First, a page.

A couple of the par 3s meet the devious – one might say “diabolical” – definition depending on pin position. The 7th plays from an elevated tee box to only 167 yards from the back tees; the elevation takes two clubs off the distance. The green is an amoeba that runs from front right to rear left, hooking around a bunker along most of the left side; the bunker separates the green from a pond which comes into play only for a severely pulled or hooked shot. When the pin is anywhere from middle of the narrow green to the back, it looks as menacing as it plays. The tendency is to aim for the front of the putting surface, if you want to avoid disaster. (I have played the hole when the pin is up front, and I’d guess it is at least ½ stroke easier than with the pin at center to back.) A grassy knoll of rough sits just off the green on the right side to catch any shots just a little offline. It is an excellent par 3.
The other notable one-shotter is #14, 198 yards from the tips and playing every bit of it and then some since the wind almost always blows in from Lake Champlain just a few miles to the west. In relation to par, this is one of the two longest holes on the course (the other being the par 5 next hole at 560 yards). But what makes the par 3 especially difficult is the green, larger than most on the course and severely two-levelled, the top level comprising only about ¼ of the green’s total area. When the pin is on top, it is nearly impossible to get close. Hit too much club and you are down the back slope with an impossible-to-stop chip from rough; count on your third shot then being a 70-foot putt from the front of the green up to that second level. The correct play off the tee is to the lower level, a take-your-medicine shot if ever there was one but the only real chance at par on the toughest hole on the course (although the scorecard says it is the 14th hardest hole which is way off when the pin is up top).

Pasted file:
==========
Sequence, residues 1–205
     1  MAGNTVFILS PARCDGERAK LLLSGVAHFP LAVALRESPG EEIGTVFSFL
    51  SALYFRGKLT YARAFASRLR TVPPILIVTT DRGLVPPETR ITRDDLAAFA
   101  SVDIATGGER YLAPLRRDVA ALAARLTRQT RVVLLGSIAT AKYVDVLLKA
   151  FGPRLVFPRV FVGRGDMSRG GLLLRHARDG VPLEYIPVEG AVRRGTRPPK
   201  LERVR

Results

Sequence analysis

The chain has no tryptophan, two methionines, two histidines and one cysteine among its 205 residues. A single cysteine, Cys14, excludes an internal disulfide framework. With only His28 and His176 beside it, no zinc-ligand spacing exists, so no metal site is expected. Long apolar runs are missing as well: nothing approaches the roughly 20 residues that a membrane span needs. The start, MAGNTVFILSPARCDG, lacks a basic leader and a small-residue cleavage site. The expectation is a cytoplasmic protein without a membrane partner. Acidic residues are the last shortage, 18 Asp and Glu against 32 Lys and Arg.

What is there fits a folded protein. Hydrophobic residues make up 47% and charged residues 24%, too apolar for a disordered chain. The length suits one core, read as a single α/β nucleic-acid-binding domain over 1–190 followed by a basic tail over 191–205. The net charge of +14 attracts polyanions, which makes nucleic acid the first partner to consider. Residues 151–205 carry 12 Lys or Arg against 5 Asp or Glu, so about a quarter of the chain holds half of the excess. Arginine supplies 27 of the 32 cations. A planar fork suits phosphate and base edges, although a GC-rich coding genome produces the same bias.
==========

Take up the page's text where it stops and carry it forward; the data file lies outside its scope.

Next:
I have played Champlain virtually every one of the last six years, and I can testify that golf pro Mike Swim and Superintendent Chris Saylor have supervised the consistent improvement of turf conditions and added some flourishes to the landscaping that has made the course as friendly to the eyes as it is fun for the golf game. Splashes of color – a lot of yellows and oranges I noted during my late August round – break up the typical sea of green.
Swim, who runs the bar/restaurant, is ever present out on the course and in the clubhouse, making sure things are going smoothly (I was tempted to write “swimmingly”) and everyone is having a good time, especially in the clubhouse tavern where golfers and locals come to eat the hearty food and drink some of Vermont’s famous craft beers. It cannot be coincidence that the restaurant is called Swimmers. There is no pool at this golf- and food-centric country club.